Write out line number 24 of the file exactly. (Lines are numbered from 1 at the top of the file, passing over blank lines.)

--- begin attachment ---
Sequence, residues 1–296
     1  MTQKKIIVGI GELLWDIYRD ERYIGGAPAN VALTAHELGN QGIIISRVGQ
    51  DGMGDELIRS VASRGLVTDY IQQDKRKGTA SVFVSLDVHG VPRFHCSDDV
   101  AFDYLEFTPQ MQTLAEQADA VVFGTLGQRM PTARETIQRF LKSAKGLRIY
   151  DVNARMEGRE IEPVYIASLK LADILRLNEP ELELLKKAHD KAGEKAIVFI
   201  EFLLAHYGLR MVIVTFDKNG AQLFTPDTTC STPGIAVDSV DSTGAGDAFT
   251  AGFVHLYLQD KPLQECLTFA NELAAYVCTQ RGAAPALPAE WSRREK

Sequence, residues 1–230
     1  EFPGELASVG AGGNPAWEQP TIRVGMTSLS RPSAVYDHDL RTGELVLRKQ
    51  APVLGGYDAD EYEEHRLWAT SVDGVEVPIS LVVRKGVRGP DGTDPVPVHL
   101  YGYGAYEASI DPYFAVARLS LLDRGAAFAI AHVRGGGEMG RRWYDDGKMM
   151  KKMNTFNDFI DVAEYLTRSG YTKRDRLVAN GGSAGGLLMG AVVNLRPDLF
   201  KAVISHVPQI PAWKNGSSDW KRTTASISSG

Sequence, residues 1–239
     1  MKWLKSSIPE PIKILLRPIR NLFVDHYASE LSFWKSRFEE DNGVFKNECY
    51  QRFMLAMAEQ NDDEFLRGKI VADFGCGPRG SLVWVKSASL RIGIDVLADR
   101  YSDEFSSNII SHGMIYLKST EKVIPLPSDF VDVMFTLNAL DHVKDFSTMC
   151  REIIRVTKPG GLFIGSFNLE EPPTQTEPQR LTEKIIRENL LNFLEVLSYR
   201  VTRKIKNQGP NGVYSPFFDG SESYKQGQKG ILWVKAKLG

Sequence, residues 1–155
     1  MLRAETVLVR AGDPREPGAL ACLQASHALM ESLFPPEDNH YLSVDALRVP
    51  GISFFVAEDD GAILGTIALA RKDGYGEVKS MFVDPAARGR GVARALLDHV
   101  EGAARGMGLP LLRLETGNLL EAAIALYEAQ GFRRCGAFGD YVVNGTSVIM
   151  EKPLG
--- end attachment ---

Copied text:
   151  EKPLG